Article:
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Housing's Softness Has Long Reach

First, furniture retailers get hit, then home-remodeling stocks and appliance-makers...

Editor's note: This column from Doug Kass is being republished as a special bonus for and RealMoney readers. It first appeared on Street Insight on Nov. 14 at 9:06 a.m. EST. To sign up for Street Insight, where you can read Kass' commentary in real time, please click here.

The nearly uninterrupted and intoxicating rise in equities over the last four months has caused many normally sober market participants to underestimate the severity of housing's downturn and to ignore the likely broad multiplier effect of housing's hard landing on the economy.

The arm of the housing market is long, and the cycles (up and down) tend to be long, too. Importantly, the lag of housing's negative influence (from the statistical peak in housing) is typically long, too.

At first, furniture retailers are immediately affected by the slowdown in residential activity -- just look at the rotten charts and continued earnings guidance of furniture industry stocks like

Haverty Furniture

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Ethan Allen

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Then home remodeling retailers and appliance manufacturers falter -- just look at the bad chart and profit guidedown at

Home Depot

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. Ultimately, the effect that a hard landing in housing has on economic activity -- and the lower home prices that it portends -- broadens and causes a deep retrenchment in consumption (starting at


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) , and its scope and impact, as seen by the residential fixed investment to GDP chart (below right), becomes all-inclusive.

The chart clearly demonstrates how atypically strong the recent up cycle in housing was by historical standards (topping 6% of GDP for the first time since the post-World War II expansion), how far we are from a bottom (in residential fixed investment), and it speaks volumes regarding the likely economic slowdown .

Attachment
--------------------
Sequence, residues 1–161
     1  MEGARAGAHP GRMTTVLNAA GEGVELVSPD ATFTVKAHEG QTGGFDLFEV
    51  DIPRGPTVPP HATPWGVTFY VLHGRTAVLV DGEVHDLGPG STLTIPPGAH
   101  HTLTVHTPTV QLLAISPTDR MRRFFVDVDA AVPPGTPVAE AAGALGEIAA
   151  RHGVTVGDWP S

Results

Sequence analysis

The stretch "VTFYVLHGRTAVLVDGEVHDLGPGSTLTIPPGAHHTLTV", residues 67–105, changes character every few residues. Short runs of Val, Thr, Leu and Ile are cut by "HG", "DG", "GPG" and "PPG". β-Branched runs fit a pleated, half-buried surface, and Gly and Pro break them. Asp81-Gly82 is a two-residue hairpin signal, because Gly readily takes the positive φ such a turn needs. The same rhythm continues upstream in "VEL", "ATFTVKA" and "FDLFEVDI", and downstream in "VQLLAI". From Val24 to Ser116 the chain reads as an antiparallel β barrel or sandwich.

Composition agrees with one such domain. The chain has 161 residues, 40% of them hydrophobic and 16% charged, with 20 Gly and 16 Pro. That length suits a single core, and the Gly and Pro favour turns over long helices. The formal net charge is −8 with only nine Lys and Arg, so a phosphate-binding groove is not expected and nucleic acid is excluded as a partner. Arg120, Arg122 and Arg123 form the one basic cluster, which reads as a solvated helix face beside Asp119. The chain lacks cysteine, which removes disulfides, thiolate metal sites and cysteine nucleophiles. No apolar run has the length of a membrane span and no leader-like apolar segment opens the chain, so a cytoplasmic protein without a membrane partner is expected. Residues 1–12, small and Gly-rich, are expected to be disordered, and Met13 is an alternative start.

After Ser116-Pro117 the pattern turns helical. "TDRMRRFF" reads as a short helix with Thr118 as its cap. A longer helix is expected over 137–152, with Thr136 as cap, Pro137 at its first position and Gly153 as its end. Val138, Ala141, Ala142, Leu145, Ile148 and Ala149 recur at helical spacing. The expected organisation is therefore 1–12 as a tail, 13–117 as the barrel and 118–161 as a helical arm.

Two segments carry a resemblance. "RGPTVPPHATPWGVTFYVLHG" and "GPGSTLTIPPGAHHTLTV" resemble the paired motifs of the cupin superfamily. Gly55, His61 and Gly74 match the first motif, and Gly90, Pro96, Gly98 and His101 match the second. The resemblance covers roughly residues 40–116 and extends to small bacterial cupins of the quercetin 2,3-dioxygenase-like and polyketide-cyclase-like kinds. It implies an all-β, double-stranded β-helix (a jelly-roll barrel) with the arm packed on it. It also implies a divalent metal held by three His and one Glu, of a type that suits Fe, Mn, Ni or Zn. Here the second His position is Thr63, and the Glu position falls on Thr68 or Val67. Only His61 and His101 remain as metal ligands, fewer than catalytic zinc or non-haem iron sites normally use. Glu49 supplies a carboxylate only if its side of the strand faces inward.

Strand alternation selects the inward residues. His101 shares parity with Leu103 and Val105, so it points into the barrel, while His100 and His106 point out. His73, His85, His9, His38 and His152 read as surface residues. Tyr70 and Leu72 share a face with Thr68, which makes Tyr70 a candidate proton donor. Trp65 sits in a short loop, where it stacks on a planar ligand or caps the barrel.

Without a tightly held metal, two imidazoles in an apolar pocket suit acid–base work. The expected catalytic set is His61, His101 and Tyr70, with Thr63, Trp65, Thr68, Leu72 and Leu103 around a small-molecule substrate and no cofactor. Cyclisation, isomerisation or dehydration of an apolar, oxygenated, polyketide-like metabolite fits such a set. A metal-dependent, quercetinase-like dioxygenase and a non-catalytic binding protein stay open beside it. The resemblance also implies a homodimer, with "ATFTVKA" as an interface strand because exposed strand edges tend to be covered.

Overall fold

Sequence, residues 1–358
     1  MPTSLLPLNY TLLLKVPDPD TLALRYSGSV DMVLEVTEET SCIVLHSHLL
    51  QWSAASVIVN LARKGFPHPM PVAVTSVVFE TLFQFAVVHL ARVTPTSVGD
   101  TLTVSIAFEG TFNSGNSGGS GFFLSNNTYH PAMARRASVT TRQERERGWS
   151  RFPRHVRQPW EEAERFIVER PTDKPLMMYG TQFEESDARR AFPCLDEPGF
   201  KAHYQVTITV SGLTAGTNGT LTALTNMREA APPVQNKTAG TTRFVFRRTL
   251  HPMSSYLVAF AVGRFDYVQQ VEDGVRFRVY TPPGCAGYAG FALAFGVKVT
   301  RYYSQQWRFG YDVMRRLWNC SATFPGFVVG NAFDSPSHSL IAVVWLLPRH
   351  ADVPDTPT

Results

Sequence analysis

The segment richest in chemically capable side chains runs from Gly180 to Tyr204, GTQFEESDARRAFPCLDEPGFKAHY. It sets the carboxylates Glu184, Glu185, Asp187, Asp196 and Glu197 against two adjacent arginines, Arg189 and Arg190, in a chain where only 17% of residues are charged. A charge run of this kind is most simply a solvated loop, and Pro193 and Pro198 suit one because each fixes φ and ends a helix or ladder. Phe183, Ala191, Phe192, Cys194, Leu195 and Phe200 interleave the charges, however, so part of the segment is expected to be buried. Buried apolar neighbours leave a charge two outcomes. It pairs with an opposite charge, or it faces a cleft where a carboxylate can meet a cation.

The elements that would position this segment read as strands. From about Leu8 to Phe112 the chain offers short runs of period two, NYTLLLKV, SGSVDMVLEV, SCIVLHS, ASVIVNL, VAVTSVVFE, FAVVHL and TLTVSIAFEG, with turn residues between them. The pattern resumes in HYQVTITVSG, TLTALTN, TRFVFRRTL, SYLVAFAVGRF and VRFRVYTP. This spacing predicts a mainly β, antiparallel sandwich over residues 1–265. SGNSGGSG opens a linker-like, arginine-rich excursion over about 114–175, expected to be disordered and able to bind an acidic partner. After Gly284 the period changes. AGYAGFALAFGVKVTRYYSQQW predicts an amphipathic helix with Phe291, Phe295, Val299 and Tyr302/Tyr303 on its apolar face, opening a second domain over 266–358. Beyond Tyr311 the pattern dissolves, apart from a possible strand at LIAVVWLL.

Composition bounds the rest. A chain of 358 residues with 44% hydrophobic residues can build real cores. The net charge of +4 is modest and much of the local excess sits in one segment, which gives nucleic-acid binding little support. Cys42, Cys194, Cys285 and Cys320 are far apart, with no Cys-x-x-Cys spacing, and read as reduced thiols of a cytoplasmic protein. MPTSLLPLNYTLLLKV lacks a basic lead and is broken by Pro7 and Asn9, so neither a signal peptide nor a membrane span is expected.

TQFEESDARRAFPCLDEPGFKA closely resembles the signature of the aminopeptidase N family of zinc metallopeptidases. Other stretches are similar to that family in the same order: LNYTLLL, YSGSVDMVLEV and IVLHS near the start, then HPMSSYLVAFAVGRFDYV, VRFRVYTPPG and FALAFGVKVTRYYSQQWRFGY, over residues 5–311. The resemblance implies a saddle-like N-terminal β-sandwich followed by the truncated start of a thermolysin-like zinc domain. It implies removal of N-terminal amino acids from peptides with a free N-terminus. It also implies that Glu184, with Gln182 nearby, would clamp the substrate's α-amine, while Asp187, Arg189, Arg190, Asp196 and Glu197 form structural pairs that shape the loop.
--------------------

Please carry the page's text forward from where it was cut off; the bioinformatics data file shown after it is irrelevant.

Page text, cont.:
Earlier this month, Richard Fisher, the Dallas Federal Reserve's President,


the factors that contributed to the unprecedented boom in housing over the last six years.

In retrospect, the real Fed funds rate turned out to be lower than what was deemed appropriate at the time and was held lower longer that it should have been. In this case, poor data led to a policy action that amplified speculative activity in the housing and other markets. Today, as anybody not from the former planet of Pluto knows, the housing market is undergoing a substantial correction and inflicting real costs to millions of homeowners across the country. It is complicating the task of achieving our monetary objective of creating the conditions for sustainable non-inflationary growth.

Residential Fixed Investment to GDP

Click here for larger image.

Source: Guerite Advisors

Stated simply, too-low interest rates fueled the speculative activity in housing and stretched affordability, which has resulted in an ever-expanding inventory of

unsold homes

. Today, a record level of builders' unsold inventory (including homes not started, homes started but not completed and completed home inventory) coupled with the residue of speculators' unsold homes speaks to a hard landing in housing, despite the protestations of many.

It is no wonder the Bureau of Labor Statistics reported a near 10% decline in home prices last month, and that many

homebuilders are reporting cancellation rates in excess of 40%

The chart also shows that, over the past 60 years, whenever residential fixed investment tops 5.5% of GDP and subsequently falls by at least 10%, a recession occurs (the recessions are depicted in the nonshaded areas of the chart). Already the ratio of residential fixed income to GDP (which peaked at 6.3% in late 2005) has now dropped by more than 10%. According to Guerite Advisors, the ratio has declined by another 17.4% in the fourth quarter of 2006.

Needless to say, there are other housing-related influences that will weigh negatively on forward consumption levels and lead to a period of


) -- adjustable option ARM interest rate resets; a clamping down on creative/aggressive financing (as defaults/delinquencies grow); the absence of personal savings; still-stretched affordability ratios of home prices to household incomes, etc. -- that suggest the housing landing will be hard, serving as a strong headwind to economic growth by weighing on the consumer and countering the relatively stronger position of the corporate sector.

Doug Kass is founder and president of Seabreeze Partners Management, Inc., and the general partner and investment manager of Seabreeze Partners Short LP and Seabreeze Partners Short Offshore Fund, Ltd. Until 1996, he was senior portfolio manager at Omega Advisors, a $4 billion investment partnership. Before that he was executive senior vice president and director of institutional equities of First Albany Corporation and JW Charles/CSG. He also was a general partner of Glickenhaus & Co., and held various positions with Putnam Management and Kidder, Peabody. Kass received his bachelor's from Alfred University, and received a master's of business administration in finance from the University of Pennsylvania's Wharton School in 1972. He co-authored "Citibank: The Ralph Nader Report" with Nader and the Center for the Study of Responsive Law and currently serves as a guest host on CNBC's "Squawk Box."

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